Saturday 16 December 2017

World has lost half of its animals in last 40 years

The red squirrel one of the many animals now under threat.
The red squirrel one of the many animals now under threat.

Sarah Knapton

Half of the world's wild animals have been lost in the past 40 years because of habitat destruction, hunting and deforestation, according to a report by the World Wide Fund for Nature (WWF).

The Living Planet report found that populations of mammals, birds, reptiles, amphibians and fish have fallen on average by 52pc per cent since 1970.

The WWF looked at 10,380 populations of 3,038 species across the world.

The situation is worst in low-income countries, where wildlife populations declined on average by 58 per cent between 1970 and 2010. Latin America has had the biggest losses, with a drop of 83pc, but European species have also suffered, including the turtle dove, red squirrels and white seals.

The decline can almost entirely be attributed to human activity, through habitat loss, deforestation, climate change, overfishing and hunting, the report said.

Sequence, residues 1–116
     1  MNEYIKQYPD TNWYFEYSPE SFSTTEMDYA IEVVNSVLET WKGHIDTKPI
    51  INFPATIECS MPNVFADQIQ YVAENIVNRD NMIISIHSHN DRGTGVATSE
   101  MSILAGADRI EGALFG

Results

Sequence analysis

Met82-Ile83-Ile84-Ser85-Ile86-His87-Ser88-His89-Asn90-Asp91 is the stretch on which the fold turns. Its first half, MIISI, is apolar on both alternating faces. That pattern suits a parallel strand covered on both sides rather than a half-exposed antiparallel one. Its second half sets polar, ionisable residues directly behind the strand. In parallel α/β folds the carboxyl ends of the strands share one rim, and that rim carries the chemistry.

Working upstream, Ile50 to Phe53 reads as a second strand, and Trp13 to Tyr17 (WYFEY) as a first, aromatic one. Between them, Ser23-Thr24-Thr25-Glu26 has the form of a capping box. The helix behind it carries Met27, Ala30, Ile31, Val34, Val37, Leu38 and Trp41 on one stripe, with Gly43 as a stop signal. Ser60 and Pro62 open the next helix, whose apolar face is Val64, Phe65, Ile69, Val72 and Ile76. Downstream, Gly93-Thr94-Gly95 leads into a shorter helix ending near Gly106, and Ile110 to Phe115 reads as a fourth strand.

The WWF said its Living Planet report demonstrated that people should reduce consumption and think more about conserving natural habitats. It warned of the effects of human activity, with forests cut down too quickly, seas overfished and more carbon dioxide being created than the planet can absorb.

David Nussbaum, chief executive of WWF in the UK, said: "The scale of destruction should be a wake-up call to us all. We all have an interest, and a responsibility, to act to ensure we protect what we all value: a healthy future for both people and nature.

The Living Planet report said human activity is outstripping the resources the Earth can provide, cutting down forests too quickly, overfishing and putting out more carbon dioxide than the planet can absorb, leading to climate change.

It is estimated that the Earth would need to be 1.5 times larger to soak up the damage caused by man.

Prof Ken Norris, of the Zoological Society of London, which updates the species database, said: "This damage is not inevitable, but a consequence of the way we choose to live. We need to explain to the public that what they do is directly behind the trends we are seeing."

(© Daily Telegraph, London)

Irish Independent

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